More than $150 billion in property could be at risk of flooding by 2100 — the economic damage far more devastating than the state’s worst earthquakes and wildfires. But connecting the dots across a state whose coastline spans 1,200 miles has proved to be difficult.

“The goal was to be really clear on the issue — and focus on specific actions and concrete steps to make faster progress on sea level rise,” said Rachel Ehlers, lead author of the legislative report.

Analysts urged lawmakers to adopt legislation, for example, that requires a real estate disclosure, or “vulnerable coastal property statement,” for properties that are in areas at risk of flooding from sea level rise.


Similar to mandatory disclosures for properties in fire and earthquake zones, requiring this information would lull more people out of a false sense of safety — and inform buyers of what the California coast is up against in future decades.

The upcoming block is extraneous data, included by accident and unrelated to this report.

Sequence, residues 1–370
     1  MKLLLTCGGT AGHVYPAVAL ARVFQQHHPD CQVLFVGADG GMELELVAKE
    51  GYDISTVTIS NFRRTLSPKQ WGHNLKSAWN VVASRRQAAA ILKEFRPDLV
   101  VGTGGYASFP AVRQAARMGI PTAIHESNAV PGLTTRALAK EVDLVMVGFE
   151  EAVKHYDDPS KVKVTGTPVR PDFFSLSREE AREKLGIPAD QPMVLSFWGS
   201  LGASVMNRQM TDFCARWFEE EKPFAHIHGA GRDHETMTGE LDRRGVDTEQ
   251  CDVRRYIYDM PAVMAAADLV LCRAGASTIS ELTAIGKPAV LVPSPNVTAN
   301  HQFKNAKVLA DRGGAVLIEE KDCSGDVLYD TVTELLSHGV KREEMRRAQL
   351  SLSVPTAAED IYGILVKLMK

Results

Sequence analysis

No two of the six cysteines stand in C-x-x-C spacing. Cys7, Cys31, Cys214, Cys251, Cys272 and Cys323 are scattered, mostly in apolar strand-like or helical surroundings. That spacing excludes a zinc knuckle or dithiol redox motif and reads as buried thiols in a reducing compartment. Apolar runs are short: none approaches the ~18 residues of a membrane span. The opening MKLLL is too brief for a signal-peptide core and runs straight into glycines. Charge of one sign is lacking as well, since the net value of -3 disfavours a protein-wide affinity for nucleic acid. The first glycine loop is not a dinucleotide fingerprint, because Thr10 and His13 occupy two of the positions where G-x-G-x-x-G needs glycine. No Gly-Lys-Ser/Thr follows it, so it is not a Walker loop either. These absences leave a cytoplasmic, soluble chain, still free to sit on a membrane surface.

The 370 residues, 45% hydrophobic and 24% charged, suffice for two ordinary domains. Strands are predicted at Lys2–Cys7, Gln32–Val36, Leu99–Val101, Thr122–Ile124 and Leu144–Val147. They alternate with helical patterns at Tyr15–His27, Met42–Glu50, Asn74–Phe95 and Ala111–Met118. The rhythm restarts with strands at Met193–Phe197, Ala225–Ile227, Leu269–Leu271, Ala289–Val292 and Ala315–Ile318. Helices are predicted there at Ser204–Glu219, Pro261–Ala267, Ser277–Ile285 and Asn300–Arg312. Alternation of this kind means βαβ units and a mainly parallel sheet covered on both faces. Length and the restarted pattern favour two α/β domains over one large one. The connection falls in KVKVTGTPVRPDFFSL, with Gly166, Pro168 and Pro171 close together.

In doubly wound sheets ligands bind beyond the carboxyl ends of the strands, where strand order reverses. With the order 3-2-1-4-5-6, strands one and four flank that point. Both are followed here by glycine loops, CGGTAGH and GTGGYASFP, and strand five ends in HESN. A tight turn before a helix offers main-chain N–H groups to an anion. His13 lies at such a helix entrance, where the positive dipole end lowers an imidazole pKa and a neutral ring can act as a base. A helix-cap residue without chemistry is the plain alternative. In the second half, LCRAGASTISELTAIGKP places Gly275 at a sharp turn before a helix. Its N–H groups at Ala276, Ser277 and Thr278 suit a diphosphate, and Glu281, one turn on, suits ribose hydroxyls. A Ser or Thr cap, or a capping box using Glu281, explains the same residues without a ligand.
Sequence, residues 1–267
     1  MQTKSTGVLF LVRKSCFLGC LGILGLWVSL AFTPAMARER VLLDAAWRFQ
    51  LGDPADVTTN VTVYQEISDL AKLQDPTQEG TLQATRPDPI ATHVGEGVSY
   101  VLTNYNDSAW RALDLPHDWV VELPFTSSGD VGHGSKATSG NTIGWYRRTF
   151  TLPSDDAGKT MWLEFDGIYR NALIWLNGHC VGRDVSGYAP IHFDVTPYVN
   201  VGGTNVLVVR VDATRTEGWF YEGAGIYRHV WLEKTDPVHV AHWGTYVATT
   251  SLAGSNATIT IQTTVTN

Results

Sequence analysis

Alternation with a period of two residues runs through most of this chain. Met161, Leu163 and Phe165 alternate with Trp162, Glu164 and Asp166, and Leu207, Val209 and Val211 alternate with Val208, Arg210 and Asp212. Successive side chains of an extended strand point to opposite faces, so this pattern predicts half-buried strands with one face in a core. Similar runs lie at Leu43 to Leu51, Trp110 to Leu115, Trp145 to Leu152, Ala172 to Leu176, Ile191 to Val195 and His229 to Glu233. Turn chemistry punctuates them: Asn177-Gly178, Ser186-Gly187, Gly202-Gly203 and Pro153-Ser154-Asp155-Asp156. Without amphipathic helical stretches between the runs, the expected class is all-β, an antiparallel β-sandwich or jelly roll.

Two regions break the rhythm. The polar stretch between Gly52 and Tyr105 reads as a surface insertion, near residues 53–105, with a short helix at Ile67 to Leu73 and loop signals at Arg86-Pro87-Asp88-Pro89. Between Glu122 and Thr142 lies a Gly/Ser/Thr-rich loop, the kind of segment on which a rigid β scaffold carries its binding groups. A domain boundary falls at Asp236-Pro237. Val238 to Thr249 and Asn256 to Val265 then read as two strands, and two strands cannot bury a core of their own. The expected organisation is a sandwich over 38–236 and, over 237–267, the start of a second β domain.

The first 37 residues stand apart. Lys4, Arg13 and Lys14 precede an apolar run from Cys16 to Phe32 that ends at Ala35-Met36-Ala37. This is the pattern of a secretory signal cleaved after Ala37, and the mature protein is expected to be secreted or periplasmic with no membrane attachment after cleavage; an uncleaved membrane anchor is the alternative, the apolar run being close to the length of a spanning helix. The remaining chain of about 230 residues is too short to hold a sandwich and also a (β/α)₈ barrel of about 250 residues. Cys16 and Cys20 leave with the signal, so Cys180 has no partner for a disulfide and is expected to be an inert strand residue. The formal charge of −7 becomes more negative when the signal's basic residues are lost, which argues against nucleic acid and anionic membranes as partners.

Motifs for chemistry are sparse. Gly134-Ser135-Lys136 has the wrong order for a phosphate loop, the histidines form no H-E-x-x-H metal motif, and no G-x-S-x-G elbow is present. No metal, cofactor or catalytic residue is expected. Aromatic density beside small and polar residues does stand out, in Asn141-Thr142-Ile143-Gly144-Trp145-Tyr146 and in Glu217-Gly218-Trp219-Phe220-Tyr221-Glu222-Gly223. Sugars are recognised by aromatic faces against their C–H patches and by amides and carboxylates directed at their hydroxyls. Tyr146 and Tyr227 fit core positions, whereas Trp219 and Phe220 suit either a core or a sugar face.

Uncertainty about just how much — and how fast — the sea will rise is not a reason to withhold critical information from the public, the report said. “The state has already determined that, despite the inherent uncertainty, alerting purchasers when a property faces a potential risk of future damage from earthquakes, fires, or floods is important public policy.

“Indeed,” the report added, “the case for coastal disclosures is arguably even stronger since the certainty of some amount of sea level rise occurring is greater than that associated with threats such as earthquakes.”

The report’s authors found that responding to sea level rise was not yet a priority for many coastal residents and local elected officials — and much of that is rooted in a general lack of awareness.

Analysts reviewed numerous scientific studies and conducted more than 100 interviews with local governments, state and federal agencies, academic researchers, community groups and nongovernmental organizations. They studied existing state laws relevant to this issue, looked at why local governments weren’t making more progress and identified all the state agencies with a responsibility to address the issue.